Puerto Ricans in Newark: ‘All the Rights of Citizens, Yet Considered Immigrants’

Groups and Communities
Published November 5, 1998

Puerto Ricans in Newark: ‘All the Rights of Citizens, Yet Considered Immigrants’

| Published November 5, 1998

Storefront converted to a church for Spanish-speakers, 1960s. The Newark Public Library

This is a special time in Puerto Rican history, for 1998 marks the first century of Puerto Rican immigration to the mainland following the island’s separation from Spain and attachment to the United States.

The journey to places like Newark, which has a large and growing Puerto Rican population, has not always been an easy one. Poor economic conditions on the island and unwelcoming arms on the mainland continue to cause hardship for new arrivals. The trickle of immigrants to the United States in 1898 increased to approximately 4,000 annually until World War II. Heavy unemployment on the island, low wages and an almost total lack of opportunity prompted the migration. In the 1950s, many low or semi-skilled jobs were available in Newark factories. As a result, the race for the promised land to the north of Puerto Rico continued unabated. This was aided by the easy passage by plane or ship, often for as little as $100. Other workers were recruited to work on South Jersey farms. In 1946, the Glassboro Service Association brought farm workers to that area of the state to a former Works Progress Administration camp. In 1947, the Puerto Rican Department of Labor sponsored a migration plan in association with federal, state and local service agencies. Eight New Jersey employment service offices were opened to provide the state agricultural and industrial workers. As a result, many islanders moved north seeking better living conditions. Although most of the workers had few employment skills, they were willing to accept any type of job as long as it was honest work. Soon, a lasting pattern of exploitation and discrimination developed. Most of these people were willing to work cheaply, often in factories whose bosses did everything possible to exploit the situation.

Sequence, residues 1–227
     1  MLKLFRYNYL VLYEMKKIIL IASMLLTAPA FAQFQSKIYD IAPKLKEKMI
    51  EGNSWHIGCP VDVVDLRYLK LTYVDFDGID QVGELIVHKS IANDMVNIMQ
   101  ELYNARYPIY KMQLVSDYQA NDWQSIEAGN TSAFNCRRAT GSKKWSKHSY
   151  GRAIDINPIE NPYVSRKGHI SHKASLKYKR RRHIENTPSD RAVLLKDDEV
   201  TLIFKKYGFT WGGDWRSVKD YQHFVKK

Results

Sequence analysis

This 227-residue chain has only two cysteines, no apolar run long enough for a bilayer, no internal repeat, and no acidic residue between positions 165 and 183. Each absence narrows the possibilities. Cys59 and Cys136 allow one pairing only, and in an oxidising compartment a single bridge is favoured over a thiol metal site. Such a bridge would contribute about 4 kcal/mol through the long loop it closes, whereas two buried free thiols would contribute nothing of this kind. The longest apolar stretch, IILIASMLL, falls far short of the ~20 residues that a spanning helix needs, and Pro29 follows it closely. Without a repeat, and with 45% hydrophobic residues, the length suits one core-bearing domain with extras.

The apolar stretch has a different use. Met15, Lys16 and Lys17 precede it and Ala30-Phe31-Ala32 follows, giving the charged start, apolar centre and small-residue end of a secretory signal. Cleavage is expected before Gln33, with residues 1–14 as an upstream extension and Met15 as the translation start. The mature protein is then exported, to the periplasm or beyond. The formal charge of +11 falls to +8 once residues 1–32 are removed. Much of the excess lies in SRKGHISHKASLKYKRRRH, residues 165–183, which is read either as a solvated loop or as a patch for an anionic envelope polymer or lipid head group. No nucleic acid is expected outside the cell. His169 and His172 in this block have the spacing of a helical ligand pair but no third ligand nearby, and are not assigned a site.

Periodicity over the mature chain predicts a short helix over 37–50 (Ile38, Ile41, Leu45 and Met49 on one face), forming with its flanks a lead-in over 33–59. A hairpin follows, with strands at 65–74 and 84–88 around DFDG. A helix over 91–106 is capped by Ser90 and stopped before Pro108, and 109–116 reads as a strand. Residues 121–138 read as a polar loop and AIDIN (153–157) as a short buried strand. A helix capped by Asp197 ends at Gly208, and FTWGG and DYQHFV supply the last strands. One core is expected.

In the 1960s, Maria Gonzalez, a Puerto-Rican born member of the Newark Human Rights Commission, noted, 'In Puerto Rico, we enjoy all the rights of citizens, yet here we discover that we are considered immigrants, a minority group, a separate entity. Yet we are Americans!' Nevertheless, by 1966 she saw Puerto Ricans making 'slow but steady progress toward acceptance into the community.' Articles in the old Newark News and The Star-Ledger indicated a worsening plight of Newark’s Puerto Rican resident as the 1970s approached. Substandard housing continued, city agencies lacked sufficient census data on Spanish-speaking families, family income was the lowest of any group in town and the student dropout rate was the highest in the school system.

In 1974 the lid blew off with riots at a Puerto Rican Labor Day festival in Branch Brook Park. After mounted police broke up a dice game, two cruisers were burned, a horse was injured, and rumors circulated that a young girl had been trampled to death. In a second bloody day of rioting, two people were fatally injured and sniper fire was aimed at police from rooftops. Some stores were looted. Mayor Kenneth Gibson led a march down Broad Street and out of the park and negotiations continued at City Hall until the situation was brought under control. As trouble began winding down on Thursday, Gibson called for the Essex County prosecutor to investigate. Puerto Rican leaders claimed 'their people have been victimized by the city (and) that the city administration has failed to meet the needs of the 70,000 Hispanics that live there.' Obviously, these troubles were a long time coming. And, again, the same old problems were blamed—as education, employment, housing, health and welfare, plus the fact that in the previous year only 137 Hispanics had graduated from high school.